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In one of the longer hours of the book, you've just learned about most of the objects and methods needed to work effectively with servlets. Because JavaServer Pages ultimately become servlets, you also know how to work with objects that are important to JSPs. You studied the details of the perennial request and response objects, ServletRequest, HttpServletRequest, ServletResponse, and HttpServletResponse. You saw how to use the ServletInputStream and ServletOutputStream classes to read from and write to buffers that contain client data, and how to manage those buffers.

An important application-level class is ServletContext. It provides access to information about the servlet container, initialization parameters, system-wide logging, and application resources such as images. In addition, you can forward or redirect pages using a RequestDispatcher.

Sessions are used to group related requests and are often tracked by using cookies. HttpSession is a class used to create and manage sessions.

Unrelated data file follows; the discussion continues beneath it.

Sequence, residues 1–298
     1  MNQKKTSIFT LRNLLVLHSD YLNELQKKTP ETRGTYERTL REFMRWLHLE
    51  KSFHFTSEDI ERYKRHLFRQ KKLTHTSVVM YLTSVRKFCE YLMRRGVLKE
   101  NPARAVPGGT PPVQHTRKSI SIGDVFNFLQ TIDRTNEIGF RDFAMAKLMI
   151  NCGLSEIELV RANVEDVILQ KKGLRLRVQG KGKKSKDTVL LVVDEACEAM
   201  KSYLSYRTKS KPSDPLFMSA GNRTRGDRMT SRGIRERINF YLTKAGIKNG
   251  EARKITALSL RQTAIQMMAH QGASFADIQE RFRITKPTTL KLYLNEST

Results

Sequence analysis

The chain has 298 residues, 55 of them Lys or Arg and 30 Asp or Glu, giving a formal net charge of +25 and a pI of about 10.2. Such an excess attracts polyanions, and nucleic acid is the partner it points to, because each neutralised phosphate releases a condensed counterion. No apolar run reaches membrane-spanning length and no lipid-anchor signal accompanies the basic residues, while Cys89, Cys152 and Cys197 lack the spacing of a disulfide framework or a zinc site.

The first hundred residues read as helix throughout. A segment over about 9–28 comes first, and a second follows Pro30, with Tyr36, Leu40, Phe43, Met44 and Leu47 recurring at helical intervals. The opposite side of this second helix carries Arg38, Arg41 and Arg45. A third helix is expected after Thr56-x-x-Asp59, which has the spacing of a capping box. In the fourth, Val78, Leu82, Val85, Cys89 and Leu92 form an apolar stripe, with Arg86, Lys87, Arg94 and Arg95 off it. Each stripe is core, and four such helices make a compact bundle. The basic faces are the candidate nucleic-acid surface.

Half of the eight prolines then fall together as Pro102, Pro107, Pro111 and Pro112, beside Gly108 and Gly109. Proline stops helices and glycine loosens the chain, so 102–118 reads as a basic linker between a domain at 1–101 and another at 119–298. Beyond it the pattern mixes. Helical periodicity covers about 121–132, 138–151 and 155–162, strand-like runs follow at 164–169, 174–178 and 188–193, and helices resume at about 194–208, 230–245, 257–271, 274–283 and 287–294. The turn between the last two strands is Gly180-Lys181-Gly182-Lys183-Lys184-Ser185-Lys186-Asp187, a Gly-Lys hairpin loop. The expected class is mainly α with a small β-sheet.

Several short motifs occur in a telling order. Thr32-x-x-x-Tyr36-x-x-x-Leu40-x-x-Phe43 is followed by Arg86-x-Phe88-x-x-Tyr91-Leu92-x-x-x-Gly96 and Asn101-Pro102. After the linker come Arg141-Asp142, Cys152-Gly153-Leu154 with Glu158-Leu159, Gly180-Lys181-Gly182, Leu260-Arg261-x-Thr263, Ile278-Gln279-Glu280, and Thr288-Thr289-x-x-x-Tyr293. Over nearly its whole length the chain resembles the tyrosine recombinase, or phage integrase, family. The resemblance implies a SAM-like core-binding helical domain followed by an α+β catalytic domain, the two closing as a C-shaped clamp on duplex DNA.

Storing attributes that can be associated with a request, context, or session is important. Each of the respective classes has the methods setAttribute, getAttribute, and removeAttribute so that you can store, retrieve, and delete associated data.

Cookies can also be used to store information other than session IDs. The Cookie class allows you to perform all of the functions related to creating and managing cookies, including setting and changing values or causing a cookie to expire.

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